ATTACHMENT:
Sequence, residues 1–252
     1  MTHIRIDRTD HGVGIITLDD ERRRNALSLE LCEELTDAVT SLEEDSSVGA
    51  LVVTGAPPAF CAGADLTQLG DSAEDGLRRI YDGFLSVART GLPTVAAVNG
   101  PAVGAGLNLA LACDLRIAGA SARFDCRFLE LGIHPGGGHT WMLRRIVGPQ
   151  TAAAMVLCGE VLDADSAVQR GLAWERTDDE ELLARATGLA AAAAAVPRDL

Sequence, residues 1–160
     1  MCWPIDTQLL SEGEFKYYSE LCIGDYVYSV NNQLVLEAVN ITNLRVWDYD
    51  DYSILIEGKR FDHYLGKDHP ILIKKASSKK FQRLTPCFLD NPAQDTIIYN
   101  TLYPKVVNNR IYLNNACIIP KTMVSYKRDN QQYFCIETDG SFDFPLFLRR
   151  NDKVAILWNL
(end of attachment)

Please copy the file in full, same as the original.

Sequence, residues 1–252
     1  MTHIRIDRTD HGVGIITLDD ERRRNALSLE LCEELTDAVT SLEEDSSVGA
    51  LVVTGAPPAF CAGADLTQLG DSAEDGLRRI YDGFLSVART GLPTVAAVNG
   101  PAVGAGLNLA LACDLRIAGA SARFDCRFLE LGIHPGGGHT WMLRRIVGPQ
   151  TAAAMVLCGE VLDADSAVQR GLAWERTDDE ELLARATGLA AAAAAVPRDL

Sequence, residues 1–160
     1  MCWPIDTQLL SEGEFKYYSE LCIGDYVYSV NNQLVLEAVN ITNLRVWDYD
    51  DYSILIEGKR FDHYLGKDHP ILIKKASSKK FQRLTPCFLD NPAQDTIIYN
   101  TLYPKVVNNR IYLNNACIIP KTMVSYKRDN QQYFCIETDG SFDFPLFLRR
   151  NDKVAILWNL